Thoughtful educators continuously engage in reflective practice. They read professional journals and articles about education. They listen to their students and the parents of those children. They evaluate their instructional methods and classroom practices in light of classroom or school-wide assessments, standardized test scores, and other measures of student progress. They are aware of current trends in education, and they weigh the value of new methods and tools for student learning. They reflect on their practices and their beliefs about education, and they strive to make their classroom the very best place for meeting the very individual needs of the children God sends to them and parents entrust to their teaching and care.
Be a Critical Thinker
Thoughtful Christian educators engage in reflective practice but reject many of the practices of progressive American education because the practices and the principles those practices reflect conflict with biblical truth about the nature of children and the nature of learning. Recently, Education Week published a blog by Maya Thiagarajan that questioned some of those progressive principles and practices. Maya is an American-educated English teacher who has been teaching in Singapore. She is the author of Beyond the Tiger Mom: East-West Parenting in the Global Age. In her Education Week guest blog on August 15, 2016, Maya frankly discusses five “universal education truths” that as an American teacher she believed and “religiously” followed until her move to Singapore in 2010. I am going to consider each of the “five truths” in a series of posts, beginning with the third in Maya’s list.
Role of the Teacher
Truth #3: Good teachers are always “the guide on the side.” No good teacher should be “a sage on the stage.”…With phrases like “sage on the stage,” American educational rhetoric literally ridicules the idea that a teacher has wisdom to offer young kids. In every way, the rhetoric exhorts teachers to stay on the sidelines and play only a facilitating role while empowering kids to take the lead.
While I think that playing the role of a guide or facilitator has its place in a 21st century classroom, I’ve also started to think deeply about the Singaporean belief that the elder not only has wisdom to offer the child, but also has a responsibility to be front and center in the child’s life.
When I read American rhetoric exhorting teachers and parents to empower children by giving them more choices and greater freedom (and in the process, less explicit guidance), I can’t help but wonder whether it makes sense to marginalize the role of the elder. When we let machines and peer culture teach our children, aren’t we devaluing our own wisdom and expertise? Aren’t we abdicating a central responsibility that the elders in communities around the world have performed for millennia? Don’t children benefit from some explicit guidance? And shouldn’t there be some times when we are “the sages on the stage”? (Thiagarajan, 2016)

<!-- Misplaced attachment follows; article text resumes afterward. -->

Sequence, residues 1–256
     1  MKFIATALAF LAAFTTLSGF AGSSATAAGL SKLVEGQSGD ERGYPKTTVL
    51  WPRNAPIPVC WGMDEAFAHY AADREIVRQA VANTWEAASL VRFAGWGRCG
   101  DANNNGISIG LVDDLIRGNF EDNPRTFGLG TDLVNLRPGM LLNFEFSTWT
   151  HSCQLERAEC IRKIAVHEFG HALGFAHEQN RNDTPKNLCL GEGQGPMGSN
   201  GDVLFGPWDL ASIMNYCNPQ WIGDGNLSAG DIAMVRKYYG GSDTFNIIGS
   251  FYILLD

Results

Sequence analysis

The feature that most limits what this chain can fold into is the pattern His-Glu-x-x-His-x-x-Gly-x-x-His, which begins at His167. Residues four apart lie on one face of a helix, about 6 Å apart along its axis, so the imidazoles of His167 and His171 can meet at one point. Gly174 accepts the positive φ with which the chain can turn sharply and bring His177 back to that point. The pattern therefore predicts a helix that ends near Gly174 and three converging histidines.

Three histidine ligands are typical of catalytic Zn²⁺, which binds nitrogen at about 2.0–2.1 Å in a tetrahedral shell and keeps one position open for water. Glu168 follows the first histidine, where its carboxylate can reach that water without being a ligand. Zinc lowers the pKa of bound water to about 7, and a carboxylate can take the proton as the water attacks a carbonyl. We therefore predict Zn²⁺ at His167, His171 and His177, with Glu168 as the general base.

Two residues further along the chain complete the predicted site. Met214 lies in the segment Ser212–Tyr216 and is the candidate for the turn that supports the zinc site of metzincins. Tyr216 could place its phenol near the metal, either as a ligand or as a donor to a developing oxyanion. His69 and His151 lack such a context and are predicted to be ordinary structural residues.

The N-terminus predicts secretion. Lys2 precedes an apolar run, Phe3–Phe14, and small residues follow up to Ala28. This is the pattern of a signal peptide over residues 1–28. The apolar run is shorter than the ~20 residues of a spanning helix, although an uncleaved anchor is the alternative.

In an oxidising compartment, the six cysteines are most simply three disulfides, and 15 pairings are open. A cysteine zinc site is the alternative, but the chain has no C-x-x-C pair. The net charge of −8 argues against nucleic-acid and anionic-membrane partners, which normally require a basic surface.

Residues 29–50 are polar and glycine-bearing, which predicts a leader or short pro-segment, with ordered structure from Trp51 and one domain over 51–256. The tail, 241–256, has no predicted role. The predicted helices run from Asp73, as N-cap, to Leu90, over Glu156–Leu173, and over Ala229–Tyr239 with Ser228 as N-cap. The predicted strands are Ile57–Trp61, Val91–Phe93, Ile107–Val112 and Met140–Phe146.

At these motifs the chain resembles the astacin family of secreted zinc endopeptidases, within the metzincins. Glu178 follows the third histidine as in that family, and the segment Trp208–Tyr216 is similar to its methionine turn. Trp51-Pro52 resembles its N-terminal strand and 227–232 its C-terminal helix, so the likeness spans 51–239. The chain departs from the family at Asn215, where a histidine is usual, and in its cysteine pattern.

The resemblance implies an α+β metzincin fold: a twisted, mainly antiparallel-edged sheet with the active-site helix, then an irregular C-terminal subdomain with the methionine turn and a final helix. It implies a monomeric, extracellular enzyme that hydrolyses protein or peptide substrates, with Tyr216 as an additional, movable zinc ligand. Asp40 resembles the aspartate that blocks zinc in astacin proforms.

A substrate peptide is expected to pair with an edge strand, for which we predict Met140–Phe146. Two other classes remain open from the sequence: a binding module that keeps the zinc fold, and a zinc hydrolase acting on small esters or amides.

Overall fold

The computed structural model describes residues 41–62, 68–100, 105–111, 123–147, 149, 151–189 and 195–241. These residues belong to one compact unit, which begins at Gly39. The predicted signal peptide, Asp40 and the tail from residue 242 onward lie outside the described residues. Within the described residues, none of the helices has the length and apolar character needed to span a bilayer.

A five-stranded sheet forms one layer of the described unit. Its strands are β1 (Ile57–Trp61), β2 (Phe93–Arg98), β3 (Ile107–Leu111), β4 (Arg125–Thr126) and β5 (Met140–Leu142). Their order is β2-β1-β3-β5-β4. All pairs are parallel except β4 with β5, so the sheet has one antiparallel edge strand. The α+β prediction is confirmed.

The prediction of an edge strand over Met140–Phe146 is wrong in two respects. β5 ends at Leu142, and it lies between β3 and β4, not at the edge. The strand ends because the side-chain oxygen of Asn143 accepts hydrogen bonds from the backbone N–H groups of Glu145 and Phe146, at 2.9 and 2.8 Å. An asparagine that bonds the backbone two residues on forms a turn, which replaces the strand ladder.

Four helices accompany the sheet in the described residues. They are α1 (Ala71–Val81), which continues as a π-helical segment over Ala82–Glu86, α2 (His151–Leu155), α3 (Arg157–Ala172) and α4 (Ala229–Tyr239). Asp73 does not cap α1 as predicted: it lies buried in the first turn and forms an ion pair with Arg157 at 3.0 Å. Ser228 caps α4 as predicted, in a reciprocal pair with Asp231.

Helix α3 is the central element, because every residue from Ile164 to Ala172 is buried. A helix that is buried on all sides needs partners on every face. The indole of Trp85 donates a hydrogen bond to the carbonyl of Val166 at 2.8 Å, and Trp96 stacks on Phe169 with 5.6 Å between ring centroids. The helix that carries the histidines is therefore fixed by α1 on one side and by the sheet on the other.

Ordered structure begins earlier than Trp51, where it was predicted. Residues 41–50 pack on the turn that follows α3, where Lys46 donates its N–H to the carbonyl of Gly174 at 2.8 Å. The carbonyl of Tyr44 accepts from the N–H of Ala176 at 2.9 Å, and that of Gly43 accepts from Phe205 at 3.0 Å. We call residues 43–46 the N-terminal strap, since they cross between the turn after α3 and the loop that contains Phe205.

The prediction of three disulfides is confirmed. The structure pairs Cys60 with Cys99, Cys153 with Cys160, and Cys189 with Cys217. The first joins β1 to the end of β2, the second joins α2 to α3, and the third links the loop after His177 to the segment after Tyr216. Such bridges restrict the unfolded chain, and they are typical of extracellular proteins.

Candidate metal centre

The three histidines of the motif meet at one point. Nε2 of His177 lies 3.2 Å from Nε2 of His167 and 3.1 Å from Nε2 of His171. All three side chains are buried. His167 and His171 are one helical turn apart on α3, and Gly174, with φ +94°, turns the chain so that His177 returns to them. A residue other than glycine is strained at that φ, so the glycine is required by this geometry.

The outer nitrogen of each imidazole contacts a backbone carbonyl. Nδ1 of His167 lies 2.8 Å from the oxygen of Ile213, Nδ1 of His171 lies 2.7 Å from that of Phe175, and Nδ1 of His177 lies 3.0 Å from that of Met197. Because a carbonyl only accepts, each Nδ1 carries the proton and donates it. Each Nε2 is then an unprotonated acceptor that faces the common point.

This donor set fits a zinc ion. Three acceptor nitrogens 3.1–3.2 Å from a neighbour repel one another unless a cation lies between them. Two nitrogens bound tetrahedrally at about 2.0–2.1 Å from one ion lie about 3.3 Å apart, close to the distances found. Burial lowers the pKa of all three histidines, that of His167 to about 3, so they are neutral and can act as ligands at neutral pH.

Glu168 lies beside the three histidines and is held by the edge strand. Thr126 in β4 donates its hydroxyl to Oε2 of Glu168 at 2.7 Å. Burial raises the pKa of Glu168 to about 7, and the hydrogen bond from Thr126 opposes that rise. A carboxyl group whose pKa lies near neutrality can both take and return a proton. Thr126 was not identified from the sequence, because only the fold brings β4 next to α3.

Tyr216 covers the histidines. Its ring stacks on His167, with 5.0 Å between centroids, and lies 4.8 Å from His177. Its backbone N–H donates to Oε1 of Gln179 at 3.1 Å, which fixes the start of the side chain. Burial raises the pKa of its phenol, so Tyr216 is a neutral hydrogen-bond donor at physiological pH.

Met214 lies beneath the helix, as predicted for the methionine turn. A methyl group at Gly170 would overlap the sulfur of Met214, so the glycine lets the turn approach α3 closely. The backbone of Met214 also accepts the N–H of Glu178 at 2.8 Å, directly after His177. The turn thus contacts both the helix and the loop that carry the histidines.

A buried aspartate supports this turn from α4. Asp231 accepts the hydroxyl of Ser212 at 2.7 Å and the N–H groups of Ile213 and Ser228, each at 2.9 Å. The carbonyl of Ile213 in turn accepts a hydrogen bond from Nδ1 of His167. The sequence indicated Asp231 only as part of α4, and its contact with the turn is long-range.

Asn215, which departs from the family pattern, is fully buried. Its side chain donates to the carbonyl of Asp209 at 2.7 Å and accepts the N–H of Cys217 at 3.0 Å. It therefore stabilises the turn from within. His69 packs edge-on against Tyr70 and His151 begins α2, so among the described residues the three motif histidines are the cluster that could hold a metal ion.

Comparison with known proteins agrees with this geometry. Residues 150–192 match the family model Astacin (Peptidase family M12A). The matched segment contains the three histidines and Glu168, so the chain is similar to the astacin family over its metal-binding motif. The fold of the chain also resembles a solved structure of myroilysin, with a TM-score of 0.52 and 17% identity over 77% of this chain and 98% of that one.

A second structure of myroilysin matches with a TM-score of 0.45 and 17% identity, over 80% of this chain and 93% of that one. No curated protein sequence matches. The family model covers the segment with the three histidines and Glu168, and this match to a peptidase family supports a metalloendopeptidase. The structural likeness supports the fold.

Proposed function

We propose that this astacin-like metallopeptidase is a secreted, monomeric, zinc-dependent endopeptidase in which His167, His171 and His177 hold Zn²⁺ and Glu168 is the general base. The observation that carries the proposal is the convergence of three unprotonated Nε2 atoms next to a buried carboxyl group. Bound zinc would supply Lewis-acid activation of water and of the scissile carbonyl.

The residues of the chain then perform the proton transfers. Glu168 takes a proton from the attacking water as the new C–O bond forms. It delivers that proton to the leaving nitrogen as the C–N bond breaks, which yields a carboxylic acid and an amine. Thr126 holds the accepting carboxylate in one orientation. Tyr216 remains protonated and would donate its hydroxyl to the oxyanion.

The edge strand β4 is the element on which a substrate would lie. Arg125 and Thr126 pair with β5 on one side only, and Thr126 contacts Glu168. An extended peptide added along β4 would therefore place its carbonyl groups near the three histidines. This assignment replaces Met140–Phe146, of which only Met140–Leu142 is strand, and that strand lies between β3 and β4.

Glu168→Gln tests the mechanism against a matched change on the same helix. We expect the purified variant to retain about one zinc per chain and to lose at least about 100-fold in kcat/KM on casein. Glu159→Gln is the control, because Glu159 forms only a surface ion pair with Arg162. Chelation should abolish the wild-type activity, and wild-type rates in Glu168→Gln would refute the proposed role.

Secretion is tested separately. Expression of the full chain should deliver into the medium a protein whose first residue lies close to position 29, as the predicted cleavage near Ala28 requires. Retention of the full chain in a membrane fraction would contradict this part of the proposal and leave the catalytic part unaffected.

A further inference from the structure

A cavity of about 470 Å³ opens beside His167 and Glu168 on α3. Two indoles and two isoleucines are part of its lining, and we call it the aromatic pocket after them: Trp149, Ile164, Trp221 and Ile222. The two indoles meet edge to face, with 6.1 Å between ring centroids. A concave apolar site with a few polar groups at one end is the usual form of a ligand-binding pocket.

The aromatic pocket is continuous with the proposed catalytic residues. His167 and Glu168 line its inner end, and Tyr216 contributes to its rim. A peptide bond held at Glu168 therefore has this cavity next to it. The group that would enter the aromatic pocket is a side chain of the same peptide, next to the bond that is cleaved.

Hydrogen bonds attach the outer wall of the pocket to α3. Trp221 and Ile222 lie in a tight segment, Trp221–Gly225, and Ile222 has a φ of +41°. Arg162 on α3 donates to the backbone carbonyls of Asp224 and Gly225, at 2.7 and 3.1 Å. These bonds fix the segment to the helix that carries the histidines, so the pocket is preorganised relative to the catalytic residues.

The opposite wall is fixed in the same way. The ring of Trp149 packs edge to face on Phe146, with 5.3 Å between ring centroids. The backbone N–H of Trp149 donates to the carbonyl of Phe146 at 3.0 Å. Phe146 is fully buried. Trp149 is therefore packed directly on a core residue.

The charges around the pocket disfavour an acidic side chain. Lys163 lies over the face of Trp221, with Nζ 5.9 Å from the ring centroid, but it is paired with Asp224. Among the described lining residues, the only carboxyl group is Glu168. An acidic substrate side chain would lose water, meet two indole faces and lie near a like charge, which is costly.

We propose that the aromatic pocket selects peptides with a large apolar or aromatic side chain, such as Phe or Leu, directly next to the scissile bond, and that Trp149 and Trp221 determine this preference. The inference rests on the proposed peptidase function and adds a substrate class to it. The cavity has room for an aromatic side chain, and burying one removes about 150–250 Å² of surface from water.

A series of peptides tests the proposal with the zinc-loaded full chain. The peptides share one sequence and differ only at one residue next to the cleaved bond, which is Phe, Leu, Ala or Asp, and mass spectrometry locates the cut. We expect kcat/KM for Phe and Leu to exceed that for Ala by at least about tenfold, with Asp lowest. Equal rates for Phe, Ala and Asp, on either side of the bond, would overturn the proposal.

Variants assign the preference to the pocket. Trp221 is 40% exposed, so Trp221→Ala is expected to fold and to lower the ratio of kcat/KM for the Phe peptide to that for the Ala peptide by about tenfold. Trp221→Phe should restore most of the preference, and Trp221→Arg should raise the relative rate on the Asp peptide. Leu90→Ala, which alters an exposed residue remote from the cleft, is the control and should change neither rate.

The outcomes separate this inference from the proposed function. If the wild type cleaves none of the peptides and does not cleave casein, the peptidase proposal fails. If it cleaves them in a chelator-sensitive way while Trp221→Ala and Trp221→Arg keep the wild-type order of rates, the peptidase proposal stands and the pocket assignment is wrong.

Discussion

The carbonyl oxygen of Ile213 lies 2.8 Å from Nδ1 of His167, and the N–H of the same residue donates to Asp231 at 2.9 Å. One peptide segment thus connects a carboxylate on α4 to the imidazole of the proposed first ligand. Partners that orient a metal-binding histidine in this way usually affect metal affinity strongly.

What is a Sage?
Consider the meaning of sage—a wise and venerated elder. Consider the pattern of learning repeatedly emphasized in Scripture—an elder (parent, grandparent, pastor, teacher) instructing, guiding, and mentoring one who is younger and/or uninstructed in truth. Consider the example of Christ with His disciples. Isn’t it apparent, then, that Christian school teachers should be the “sage on the stage” in their classrooms? If you think that means a daily lecture in every discipline where students are passive listeners to your continual droning, then I pity the children in your classroom. If you think that means a classroom without digital resources, online connections, and multi-sensory experiences for learners, then you are misunderstanding the real meaning of sage.
If your classroom is a place where you wisely direct active learning experiences for your students, connect to digital and online resources that enrich and reinforce student learning, share your knowledge of a subject with engaging lecture that sparks student questions and discussion about significant topics, and lovingly shepherd children and teens through their many social, emotional, and spiritual crises – then I think you truly understand what it means to be “the sage on the stage.”
Thiagarajan, M. (2016, August 15). Five lessons from teaching in Singapore. [Web log post]. Retrieved from http://blogs.edweek.org/edweek/global_learning/2016/08/five_lessons_from_teaching_in_singapore.html?qs=teaching+in+sigapore